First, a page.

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Film review: Frankenstein

Director: Stuart Beattie
Screenplay: Stuart Beattie, Kevin Grevioux
Based on: I, Frankenstein by Kevin Grevioux
Actors: Aaron Eckhart, Yvonne Strahovski, Bill Nighy, Miranda Otto
Rating **

The movie begins in 1795 showing Dr Victor Frankenstein (Aden Young) who created a monster (Aaron Eckhart) put together from corpses. In a burst of anger, the monster kills Frankenstein’s wife (Virginie Le Brun) and the doctor chases it far into the Arctic to get revenge but is unsuccessful because of the harsh weather and dies. The monster carries the frozen doctor to be buried and is attacked at the grave by demons, but he is rescued by gargoyles, Ophir (Mahesh Jadu) and Keziah (Caitlin Stasey), who bring him before the gargoyle queen Lenore (Miranda Otto) and their commander Gideon (Jai Courtney)

Lenore explains that they were created by the Archangel Michael to battle demons on Earth and protect humanity. They name the monster ‘Adam’ and invite him to join them, but he refuses their offer and after arming him, he is allowed to leave. He embarks on a journey for the next two centuries, seeking out demons, destroying their bodies, and trapping their souls in Hell.
During a modern-day confrontation at a nightclub, a human police officer is killed. While Adam is summoned by the gargoyles again, the demon Helek (Steve Mouzakis) reports that Adam is alive to his leader, the demon-prince Naberius (Bill Nighy), who is disguised as billionaire businessman Charles Wessex, and his right-hand man, Dekar (Kevin Grevioux).
Wessex has employed scientist Terra Wade (Yvonne Strahovski) to conduct experiments with reanimated corpses, and sends a group of demons led by his strongest warrior, Zuriel (Socratis Otto), to attack the gargoyles’ cathedral and capture Adam to get the secret of his existence.
After a battle at the cathedral, Lenore is captured and brought to an abandoned theatre. Adam and Gideon head there, where Gideon exchanges Lenore for Victor Frankenstein’s journal, containing the secrets of all the scientist’s experiments. Adam follows Zuriel to the Wessex Institute, where he learns that Naberius plans to recreate Frankenstein’s experiment and create thousands of reanimated corpses so the souls of the descended demons will be able to return from Hell once they have soulless bodies to possess.
The movie then continues to follow Adam as he tries to destroy the journal and fight against the demons, with the gargoyles chasing after him for the journal.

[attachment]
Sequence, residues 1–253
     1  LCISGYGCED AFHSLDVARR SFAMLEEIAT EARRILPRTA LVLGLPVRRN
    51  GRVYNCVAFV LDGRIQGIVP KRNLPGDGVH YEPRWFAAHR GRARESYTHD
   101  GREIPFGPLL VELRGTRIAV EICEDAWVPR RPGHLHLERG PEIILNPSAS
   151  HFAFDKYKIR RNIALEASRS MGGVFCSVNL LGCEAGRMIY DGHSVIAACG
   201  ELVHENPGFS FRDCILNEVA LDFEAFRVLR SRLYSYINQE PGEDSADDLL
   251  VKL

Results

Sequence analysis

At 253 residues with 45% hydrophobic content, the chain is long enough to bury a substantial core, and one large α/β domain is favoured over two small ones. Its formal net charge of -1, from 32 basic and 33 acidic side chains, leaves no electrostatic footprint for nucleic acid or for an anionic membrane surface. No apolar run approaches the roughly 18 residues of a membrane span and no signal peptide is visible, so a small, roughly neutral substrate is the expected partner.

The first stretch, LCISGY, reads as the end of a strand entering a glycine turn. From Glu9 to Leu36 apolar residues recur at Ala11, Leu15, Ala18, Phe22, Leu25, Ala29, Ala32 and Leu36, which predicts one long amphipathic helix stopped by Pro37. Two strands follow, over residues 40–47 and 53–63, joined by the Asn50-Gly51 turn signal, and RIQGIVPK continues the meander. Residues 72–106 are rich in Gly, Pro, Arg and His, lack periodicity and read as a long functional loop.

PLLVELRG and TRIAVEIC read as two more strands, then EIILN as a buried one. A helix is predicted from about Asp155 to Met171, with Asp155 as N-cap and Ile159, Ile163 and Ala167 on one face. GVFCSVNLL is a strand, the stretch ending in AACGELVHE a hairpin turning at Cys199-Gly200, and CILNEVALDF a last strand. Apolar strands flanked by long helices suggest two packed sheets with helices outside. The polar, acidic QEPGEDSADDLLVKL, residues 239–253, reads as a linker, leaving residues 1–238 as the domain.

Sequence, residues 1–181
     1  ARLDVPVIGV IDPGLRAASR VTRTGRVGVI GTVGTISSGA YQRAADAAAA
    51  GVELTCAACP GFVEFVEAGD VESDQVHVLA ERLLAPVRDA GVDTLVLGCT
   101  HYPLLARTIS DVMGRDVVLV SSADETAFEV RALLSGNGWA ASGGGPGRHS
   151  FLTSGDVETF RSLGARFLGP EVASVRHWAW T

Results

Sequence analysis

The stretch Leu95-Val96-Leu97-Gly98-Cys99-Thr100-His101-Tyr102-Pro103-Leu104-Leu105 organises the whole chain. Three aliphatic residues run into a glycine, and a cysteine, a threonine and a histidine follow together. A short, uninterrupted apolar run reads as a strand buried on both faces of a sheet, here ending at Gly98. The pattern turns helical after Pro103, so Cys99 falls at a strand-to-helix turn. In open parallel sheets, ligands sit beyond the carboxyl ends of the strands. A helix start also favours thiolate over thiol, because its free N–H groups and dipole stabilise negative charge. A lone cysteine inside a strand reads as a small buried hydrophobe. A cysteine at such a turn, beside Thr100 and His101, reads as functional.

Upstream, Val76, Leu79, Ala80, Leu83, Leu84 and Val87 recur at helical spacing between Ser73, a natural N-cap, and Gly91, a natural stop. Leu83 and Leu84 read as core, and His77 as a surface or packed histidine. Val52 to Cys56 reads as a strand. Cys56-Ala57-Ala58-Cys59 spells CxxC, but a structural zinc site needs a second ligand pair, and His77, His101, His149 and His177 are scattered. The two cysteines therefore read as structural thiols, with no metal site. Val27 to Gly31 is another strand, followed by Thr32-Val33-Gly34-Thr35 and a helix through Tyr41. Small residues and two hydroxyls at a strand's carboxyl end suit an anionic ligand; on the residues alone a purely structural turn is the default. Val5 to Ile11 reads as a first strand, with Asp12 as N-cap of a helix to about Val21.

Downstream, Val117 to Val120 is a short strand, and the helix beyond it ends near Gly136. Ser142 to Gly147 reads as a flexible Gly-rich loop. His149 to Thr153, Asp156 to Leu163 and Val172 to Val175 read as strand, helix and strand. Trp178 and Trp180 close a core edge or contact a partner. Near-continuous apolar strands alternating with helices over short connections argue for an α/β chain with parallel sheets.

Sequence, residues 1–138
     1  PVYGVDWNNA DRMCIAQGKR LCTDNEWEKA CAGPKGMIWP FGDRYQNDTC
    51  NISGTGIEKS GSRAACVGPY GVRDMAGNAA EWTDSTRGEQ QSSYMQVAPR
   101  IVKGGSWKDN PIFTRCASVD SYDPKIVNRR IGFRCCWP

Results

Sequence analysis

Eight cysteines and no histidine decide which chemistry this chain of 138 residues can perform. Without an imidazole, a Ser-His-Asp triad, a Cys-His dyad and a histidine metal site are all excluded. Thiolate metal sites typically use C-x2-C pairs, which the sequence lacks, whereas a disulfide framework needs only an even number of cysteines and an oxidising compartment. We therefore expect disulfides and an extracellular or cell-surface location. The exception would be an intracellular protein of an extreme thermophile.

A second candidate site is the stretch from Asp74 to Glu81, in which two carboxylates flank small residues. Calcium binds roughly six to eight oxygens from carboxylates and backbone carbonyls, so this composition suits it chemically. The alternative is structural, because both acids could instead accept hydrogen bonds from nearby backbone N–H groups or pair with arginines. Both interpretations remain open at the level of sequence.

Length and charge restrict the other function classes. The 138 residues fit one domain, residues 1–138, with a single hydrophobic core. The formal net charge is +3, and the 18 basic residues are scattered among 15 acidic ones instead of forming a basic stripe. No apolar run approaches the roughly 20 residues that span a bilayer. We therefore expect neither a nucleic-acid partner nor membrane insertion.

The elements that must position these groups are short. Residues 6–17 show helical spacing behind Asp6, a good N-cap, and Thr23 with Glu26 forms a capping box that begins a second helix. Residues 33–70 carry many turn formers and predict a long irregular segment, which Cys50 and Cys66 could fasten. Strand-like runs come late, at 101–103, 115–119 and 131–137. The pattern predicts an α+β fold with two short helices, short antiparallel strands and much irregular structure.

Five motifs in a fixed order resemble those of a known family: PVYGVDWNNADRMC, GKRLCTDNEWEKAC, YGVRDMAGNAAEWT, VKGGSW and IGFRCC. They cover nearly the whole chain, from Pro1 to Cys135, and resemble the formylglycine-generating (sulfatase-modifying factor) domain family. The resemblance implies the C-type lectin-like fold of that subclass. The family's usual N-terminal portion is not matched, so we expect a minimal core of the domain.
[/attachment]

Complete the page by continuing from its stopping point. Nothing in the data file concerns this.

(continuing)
This is by far the worst movie I have seen all year. I really expected more from it. There was nothing wrong with the acting but I felt the script was the problem. As a viewer I wasn’t given enough time to connect with the main characters.
As familiar as I am with the Frankenstein story, I never once imagined that he would be battling demons and gargoyles over the faith of the world. I couldn’t find balance of how these two elements came together. Another interesting twist was trying to bring religion and science into the same plot, so it wasn’t about who was better or making the right choice but how to justify the living breathing soulless creatures with no souls.
I am sure that with a better script this movie could have been great, since Aaron Eckhart never disappoints.
The graphics were average, it all felt very animated. I expected more of the Amazing Spiderman1 graphics, where everything felt very real. Although the picture quality was quite acceptable it was less than I expected from a budget of US$65 million.
Jeff Beck, Richmond Movie examiner, on, had this to say “I, Frankenstein” is a failed attempt to bring a classic literary character into contemporary times. Sad part of it is that these filmmakers should have easily seen that this wouldn’t have made for an engaging film simply because there’s nothing to it: No character development, no gripping storyline, and no reason for the viewer to give it a second glance. Even the most avid action junkies would have a hard time not rolling their eyes at the blandness of it all. Just like with ‘The Legend of Hercules’.

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